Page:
Antiepileptic drugs (AEDs) are used in rehabilitation patients with injury to the nervous system for control of clinical seizures, prophylaxis against the development of a seizure disorder, and treatment of secondary mania. Although most AEDs can produce mild cognitive side effects, the benefits of treatment with AEDs in rehabilitation patients with seizure disorders typically outweigh these minor risks, Bromide, phenobarbital, and benzodiazepines may have more severe cognitive side effects than other AEDs. However, there is no convincing evidence of clinically significant differences in cognitive adverse effects among the other established AEDs. Furthermore, cognitive side effects are usually modest with mono therapy and anticonvulsant blood levels within standard therapeutic ranges. With regard to prophylaxis against future seizures, there is no significant data indicating that AED administration can prevent or retard the process of epileptogenesis, Therefore, the use of AEDs to prevent the development of a seizure disorder is not warranted at this time. Finally, although there is little information about the behavioral effects of anticonvulsants in neurological rehabilitation patients, the efficacy of carbamazepine, and perhaps valproate, in the treatment of primary mania suggests that these AEDs may be beneficial in mania secondary to brain injury. The role of AEDs in the treatment of other psychiatric disorders, such as post-traumatic stress disorder and episodic dyscontrol, remains unclear.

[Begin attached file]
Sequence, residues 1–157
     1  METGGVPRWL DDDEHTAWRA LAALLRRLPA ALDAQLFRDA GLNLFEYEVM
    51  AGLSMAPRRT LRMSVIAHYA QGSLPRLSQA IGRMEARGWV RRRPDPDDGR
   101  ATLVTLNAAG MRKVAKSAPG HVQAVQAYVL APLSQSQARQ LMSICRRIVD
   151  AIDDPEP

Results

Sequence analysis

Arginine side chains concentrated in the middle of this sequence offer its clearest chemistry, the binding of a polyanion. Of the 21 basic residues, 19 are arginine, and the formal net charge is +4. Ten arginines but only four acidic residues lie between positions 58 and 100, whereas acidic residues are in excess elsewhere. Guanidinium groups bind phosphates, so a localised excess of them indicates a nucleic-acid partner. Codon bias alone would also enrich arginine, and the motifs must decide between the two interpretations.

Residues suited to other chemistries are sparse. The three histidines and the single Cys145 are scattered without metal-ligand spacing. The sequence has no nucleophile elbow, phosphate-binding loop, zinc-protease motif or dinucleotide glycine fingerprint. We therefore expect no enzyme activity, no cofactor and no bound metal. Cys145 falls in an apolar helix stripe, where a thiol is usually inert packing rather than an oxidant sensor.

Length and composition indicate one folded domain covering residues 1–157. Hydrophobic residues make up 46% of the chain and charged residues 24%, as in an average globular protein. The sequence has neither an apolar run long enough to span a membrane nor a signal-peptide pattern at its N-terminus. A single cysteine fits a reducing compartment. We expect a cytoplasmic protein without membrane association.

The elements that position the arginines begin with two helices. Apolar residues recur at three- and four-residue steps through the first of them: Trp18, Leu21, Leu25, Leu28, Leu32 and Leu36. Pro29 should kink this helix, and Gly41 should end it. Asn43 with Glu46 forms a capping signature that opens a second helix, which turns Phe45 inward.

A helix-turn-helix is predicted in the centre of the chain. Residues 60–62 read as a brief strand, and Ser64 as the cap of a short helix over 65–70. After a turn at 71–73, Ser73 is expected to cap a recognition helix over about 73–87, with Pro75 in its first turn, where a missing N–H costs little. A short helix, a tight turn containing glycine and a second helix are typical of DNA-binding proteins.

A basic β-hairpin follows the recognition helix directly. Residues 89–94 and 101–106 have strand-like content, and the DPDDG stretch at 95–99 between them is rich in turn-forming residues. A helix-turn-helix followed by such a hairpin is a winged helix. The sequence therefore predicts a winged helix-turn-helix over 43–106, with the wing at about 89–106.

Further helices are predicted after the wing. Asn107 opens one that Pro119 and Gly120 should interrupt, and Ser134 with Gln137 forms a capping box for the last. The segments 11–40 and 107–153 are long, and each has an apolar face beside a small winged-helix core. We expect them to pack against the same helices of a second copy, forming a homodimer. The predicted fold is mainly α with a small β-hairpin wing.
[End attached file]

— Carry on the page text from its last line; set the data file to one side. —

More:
- Antiepileptic drugs
- Brain injury
ASJC Scopus subject areas
- Physical Therapy, Sports Therapy and Rehabilitation
- Clinical Neurology